Girl in Progress Can Do Something Good
- Laura MacCorkle Senior Editor, Crosswalk.com
- 2012 9 May
“Being a kid is stupid. I’m moving on,” announces Ansiedad, a spunky teenager who decides to write her own coming-of-age story in the funny and heartbreaking new comedy, Girl in Progress.
Adapted from a screenplay written by Hiram Martinez, the latest film from Pantelion Films—the first major Latino Hollywood studio—opens just in time for Mother’s Day on Friday, May 11, 2012 and represents a new wave of cinema targeting the Hispanic movie-going population. But the film’s quirky, yet honest, take on serious issues many teens face when going through adolescence (or dealing with parents who still act like they are) makes it universally appealing for all audiences.
Partly inspired by her English teacher at school (Patricia Arquette, TV’s Medium) who introduces the class to the concept of a “coming-of-age story” in literature, and partly fueled by her desire to grow up and distance herself from her immature, self-involved single mom (Eva Mendes, The Other Guys), Ansiedad (Cierra Ramirez) begins mapping out her growing-up story in a flowchart on her bedroom wall.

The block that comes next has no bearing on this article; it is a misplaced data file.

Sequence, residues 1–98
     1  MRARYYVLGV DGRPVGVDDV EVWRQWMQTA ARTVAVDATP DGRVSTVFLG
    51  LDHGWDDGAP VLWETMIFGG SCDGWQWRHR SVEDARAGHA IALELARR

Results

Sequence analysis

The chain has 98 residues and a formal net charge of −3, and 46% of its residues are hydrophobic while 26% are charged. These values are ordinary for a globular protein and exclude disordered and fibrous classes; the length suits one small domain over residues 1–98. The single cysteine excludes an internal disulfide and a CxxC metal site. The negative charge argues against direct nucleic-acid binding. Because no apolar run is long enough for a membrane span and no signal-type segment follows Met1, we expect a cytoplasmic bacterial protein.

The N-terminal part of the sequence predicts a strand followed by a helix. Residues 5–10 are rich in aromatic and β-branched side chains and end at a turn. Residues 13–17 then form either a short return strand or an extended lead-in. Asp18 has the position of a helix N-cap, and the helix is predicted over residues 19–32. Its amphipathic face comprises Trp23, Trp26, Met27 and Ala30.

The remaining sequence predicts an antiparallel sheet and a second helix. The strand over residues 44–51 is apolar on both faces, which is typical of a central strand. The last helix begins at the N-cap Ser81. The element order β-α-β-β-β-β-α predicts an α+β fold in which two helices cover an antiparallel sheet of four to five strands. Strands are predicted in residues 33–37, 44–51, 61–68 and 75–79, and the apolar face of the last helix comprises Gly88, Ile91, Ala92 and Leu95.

Best friend Tavita (Raini Rodriguez, Prom) is also helping out with the strategy, as they decide that Anisedad must transition from good to bad in order to quickly come of age. That begins with joining the chess club and winning some matches, followed by a total image makeover. Befriending the popular girl in school comes next so that Ansiedad, which interestingly enough means “anxiety” in Spanish, will then get invited to the wild parties which will then put her in closer proximity to the next major step in her transformative journey.